Little things like “What music you listen to” get complicated when you go home to visit family, which is my excuse for why I spent Thanksgiving weekend 2013 taking in the mainstream country station at my grandparents’ house. I don’t recommend staying somewhere that plays country radio for three days straight, but in this case I deferred to the wishes of my elders, learning much more than I ever cared about Kenny Chesney’s Christmas wish list in the process.
But amid all the scrubbed-clean guitar tones and I’m-gonna-go-out-on-the-lake-and-drink-a-beer-‘cause-it’s-America-and-America-kicks-ass songwriting tropes, there rose a distinct voice. It belonged to Eric Church, a man who regards country radio’s Nashville stronghold with the same disdain that Mick Jagger held for shirts covering his abdomen. The song was called “The Outsiders” and in addition to fitting the themes of Tulsan S.E. Hinton’s 1967 novel of the same name, it’s way badass by country standards: full-blown all-band chorus, rock ‘n’ roll organ, gearshift tempo swings, multiple guitar solos. Everything but the kitchen sink.
“The Outsiders” is also the name of Church’s new record and it’s his best yet, his strongest middle-finger at the Nashville establishment and the most fun I’ve had with a country album since Loretta Lynn’s “Van Lear Rose.” Like that record it’s got an enormous variety of sounds on display, expressing obvious discontent with the radio standard (see the intro to “Devil, Devil (Prelude: Prince of Darkness)” where he compares Nashville to a “glistening devil”). But what raises “The Outsiders” above a mere complaint about the status quo and into a potential game changer is its crossover potential as a top-notch, arena-ready Southern rock album. Like Church’s hero Bruce Springsteen, he’s building most of these songs big enough to satisfy the world’s largest audiences. Just listen to those massive drums.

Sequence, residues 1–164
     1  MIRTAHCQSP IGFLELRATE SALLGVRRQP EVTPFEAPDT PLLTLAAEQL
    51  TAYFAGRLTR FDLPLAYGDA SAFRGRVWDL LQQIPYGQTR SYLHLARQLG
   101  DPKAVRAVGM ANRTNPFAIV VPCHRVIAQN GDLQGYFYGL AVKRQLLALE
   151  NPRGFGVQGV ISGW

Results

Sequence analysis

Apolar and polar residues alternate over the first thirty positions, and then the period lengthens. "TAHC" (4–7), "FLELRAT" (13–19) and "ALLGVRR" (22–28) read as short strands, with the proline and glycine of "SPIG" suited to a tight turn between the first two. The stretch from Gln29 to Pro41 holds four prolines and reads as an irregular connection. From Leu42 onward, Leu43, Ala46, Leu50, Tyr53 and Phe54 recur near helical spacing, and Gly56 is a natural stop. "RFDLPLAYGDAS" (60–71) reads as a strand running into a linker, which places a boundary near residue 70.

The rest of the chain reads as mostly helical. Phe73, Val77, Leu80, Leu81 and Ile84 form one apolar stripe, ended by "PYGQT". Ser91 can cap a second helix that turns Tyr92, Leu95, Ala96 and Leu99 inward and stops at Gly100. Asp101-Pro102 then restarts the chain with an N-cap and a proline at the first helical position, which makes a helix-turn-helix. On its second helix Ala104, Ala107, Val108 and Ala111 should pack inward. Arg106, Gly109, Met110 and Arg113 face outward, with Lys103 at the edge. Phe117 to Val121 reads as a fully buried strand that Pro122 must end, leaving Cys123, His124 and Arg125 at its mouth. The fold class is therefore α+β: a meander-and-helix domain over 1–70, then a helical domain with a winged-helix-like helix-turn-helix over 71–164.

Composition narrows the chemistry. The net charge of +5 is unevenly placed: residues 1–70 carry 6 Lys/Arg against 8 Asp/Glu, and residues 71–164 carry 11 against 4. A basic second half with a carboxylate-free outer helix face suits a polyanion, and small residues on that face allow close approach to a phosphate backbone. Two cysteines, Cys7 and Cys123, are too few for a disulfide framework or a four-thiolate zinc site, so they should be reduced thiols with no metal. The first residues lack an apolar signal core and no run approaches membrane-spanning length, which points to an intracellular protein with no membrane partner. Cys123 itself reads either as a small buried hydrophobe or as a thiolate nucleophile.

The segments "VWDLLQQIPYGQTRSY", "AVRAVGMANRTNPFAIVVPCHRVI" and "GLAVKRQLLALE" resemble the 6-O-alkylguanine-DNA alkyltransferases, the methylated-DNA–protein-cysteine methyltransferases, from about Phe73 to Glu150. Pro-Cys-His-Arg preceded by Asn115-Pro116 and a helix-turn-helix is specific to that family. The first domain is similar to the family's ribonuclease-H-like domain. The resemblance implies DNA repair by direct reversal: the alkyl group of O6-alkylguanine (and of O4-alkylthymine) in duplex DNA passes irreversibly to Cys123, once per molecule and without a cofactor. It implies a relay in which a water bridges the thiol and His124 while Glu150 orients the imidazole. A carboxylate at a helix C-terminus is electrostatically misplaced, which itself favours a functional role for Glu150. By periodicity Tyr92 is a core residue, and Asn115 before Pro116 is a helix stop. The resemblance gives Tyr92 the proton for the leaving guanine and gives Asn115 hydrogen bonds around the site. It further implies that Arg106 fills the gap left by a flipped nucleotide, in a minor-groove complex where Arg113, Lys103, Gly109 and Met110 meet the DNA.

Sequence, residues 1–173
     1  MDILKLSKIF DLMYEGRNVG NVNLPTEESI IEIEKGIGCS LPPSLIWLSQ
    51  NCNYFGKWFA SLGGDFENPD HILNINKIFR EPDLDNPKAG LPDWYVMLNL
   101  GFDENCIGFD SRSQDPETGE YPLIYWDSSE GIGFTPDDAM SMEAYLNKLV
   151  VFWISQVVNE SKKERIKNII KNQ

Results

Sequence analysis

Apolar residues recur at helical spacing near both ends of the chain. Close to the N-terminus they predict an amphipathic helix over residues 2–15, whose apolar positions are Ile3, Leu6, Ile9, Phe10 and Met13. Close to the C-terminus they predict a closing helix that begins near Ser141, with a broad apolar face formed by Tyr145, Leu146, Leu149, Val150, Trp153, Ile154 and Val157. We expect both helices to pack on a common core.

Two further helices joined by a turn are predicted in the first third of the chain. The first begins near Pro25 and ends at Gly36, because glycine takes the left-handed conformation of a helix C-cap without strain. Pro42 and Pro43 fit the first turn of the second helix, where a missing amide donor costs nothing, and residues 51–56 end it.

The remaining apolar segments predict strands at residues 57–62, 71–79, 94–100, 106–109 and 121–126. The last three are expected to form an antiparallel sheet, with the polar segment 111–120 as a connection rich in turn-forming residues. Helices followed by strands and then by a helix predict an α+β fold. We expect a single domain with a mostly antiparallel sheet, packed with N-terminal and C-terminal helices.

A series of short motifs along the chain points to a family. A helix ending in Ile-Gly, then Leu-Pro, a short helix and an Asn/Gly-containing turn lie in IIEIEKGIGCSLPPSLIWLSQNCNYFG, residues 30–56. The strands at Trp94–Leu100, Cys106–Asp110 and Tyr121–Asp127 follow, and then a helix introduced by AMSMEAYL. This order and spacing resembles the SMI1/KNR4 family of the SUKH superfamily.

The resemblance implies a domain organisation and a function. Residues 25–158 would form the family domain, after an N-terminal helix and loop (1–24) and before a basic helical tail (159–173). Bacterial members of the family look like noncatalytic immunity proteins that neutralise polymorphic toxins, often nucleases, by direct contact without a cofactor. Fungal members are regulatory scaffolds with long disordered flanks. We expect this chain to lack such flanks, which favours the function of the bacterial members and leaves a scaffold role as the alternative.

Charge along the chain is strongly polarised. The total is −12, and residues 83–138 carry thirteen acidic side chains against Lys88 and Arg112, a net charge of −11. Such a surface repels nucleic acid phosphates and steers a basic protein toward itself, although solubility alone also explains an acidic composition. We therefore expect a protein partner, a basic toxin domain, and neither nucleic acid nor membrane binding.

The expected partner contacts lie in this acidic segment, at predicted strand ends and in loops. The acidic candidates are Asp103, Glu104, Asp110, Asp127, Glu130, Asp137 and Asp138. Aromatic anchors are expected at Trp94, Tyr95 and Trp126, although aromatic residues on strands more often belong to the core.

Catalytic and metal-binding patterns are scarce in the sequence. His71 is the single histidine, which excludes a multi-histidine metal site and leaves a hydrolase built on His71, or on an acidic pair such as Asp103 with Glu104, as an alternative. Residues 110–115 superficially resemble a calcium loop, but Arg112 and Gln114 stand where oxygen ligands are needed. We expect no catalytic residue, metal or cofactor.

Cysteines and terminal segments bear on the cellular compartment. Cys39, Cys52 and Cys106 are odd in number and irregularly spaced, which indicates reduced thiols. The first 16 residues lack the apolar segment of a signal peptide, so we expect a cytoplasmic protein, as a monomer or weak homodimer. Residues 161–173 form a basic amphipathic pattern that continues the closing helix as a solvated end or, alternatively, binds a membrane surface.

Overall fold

But like his biggest hit, 2011’s “Springsteen,” most songs on “The Outsiders” have gooey, sentimental centers that the Luke Bryans and Cole Swindells of the country radio charts inject full of warm cheese. Right after the thunder and lightning of the album’s eponymous opener, Church downshifts into “A Man Who Was Gonna Die Young”, a gorgeous, textured ballad celebrating the benefits of monogamy without wringing his hands about it. “If I make it thirty more, it’s the brown [hair] that you’ll be looking for, as you run your fingers through it and say ‘Slow down honey.’” Maybe I’m just a sucker for those kind of songs but that’s a pretty great way of saying “I wanna grow old with you.”